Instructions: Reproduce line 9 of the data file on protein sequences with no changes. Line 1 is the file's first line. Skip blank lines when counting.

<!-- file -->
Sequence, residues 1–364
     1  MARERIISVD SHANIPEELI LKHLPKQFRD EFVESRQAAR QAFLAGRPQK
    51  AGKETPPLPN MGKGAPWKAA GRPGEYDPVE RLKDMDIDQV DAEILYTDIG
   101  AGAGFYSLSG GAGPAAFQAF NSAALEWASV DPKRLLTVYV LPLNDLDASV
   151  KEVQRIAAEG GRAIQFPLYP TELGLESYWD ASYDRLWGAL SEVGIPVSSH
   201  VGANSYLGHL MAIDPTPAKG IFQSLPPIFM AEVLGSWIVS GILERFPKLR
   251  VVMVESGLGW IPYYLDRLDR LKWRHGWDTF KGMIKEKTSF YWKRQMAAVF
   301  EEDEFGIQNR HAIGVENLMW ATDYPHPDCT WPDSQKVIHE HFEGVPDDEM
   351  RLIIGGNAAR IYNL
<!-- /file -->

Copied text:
   351  RLIIGGNAAR IYNL